During one of her evaluations on the way to being named the top recruiter in the nation for the Army National Guard, Sergeant First Class Tavia Syme was asked by a superior officer who she saw as her role model in life. Though the question caught her by surprise, she didn’t hesitate to reply that it was her stepfather, who had helped raise her from the age of 3 and who had passed away from pancreatic cancer four years earlier.
“He always worked hard. He never complained,” Syme said. “My goal in life is to be as good a person as I felt he was in everything I do.”
That answer, and her accomplishments as a recruiter in Northwest Montana must have impressed the officers making the decision, because two days later, on Dec. 4 at a ceremony in Orlando, Fla., they would name her the best among 4,400 National Guard recruiters nationwide. At 46, Syme was one of the oldest finalists for the award, and she is the first woman to receive it.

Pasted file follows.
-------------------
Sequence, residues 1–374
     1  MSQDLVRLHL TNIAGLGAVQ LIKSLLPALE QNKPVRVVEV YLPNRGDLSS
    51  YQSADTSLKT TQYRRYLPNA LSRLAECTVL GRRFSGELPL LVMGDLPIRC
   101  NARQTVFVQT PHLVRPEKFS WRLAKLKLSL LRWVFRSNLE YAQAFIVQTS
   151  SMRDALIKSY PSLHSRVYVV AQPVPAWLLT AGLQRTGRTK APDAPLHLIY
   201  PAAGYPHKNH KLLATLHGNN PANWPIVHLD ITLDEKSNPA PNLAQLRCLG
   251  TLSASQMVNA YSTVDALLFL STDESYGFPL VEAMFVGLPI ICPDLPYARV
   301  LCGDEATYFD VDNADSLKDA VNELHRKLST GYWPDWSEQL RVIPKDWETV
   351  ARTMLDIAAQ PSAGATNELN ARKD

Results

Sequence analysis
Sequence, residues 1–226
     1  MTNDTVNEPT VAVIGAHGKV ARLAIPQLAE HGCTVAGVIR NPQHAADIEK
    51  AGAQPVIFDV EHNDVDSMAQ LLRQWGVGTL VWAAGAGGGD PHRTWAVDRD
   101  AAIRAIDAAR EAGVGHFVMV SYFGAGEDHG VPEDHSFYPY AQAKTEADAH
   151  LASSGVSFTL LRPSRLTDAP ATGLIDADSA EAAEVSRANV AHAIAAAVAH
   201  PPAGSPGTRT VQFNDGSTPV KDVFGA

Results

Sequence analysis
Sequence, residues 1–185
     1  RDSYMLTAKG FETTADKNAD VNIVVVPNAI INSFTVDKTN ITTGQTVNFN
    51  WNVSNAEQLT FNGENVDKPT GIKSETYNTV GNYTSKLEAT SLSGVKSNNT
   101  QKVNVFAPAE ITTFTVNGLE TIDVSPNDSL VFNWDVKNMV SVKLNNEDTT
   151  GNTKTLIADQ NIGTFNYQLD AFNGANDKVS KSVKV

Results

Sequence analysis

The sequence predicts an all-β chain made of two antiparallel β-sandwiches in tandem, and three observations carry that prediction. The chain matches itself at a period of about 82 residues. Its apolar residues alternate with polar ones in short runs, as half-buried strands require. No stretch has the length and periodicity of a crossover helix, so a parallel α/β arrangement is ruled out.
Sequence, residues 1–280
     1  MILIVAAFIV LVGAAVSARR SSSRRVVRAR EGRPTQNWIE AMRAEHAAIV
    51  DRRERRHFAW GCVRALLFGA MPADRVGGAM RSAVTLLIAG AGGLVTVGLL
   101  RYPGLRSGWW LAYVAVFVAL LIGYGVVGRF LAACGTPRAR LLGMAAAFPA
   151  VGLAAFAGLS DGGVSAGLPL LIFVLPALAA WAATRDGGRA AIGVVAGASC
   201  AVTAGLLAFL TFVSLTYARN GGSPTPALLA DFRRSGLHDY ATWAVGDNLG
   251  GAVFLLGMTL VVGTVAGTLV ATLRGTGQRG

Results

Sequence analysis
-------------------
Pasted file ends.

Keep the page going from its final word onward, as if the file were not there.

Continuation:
During an interview last month at the National Guard recruiting office in Kalispell where she works, Syme recalled the moment when, standing among the seven finalists, she learned she was the winner.
“You’re in front of hundreds,” she said. “When they call your name and you take that right step forward, it was just amazing.”
A 1983 graduate of Columbia Falls High School, Syme served 15 years in the Army Reserve, including a 2003 deployment to Iraq, before becoming a recruiter for the Guard nearly three years ago. Her win in national competition comes after being named Montana recruiter of the year, and winning a regional competition among seven Western states in October.
Though her mission was to recruit 16 during the second half of 2009 and the first half of this year, Syme enlisted 35, more than 200 percent of her goal. Not only did she exceed her assignment in terms of numbers, but the quality of the recruits Syme brought in was high in terms of their aptitude test scores, education levels, physical fitness and other attributes. Her Kalispell office, where she works with two other recruiters, is the recruiting station of the year in Montana.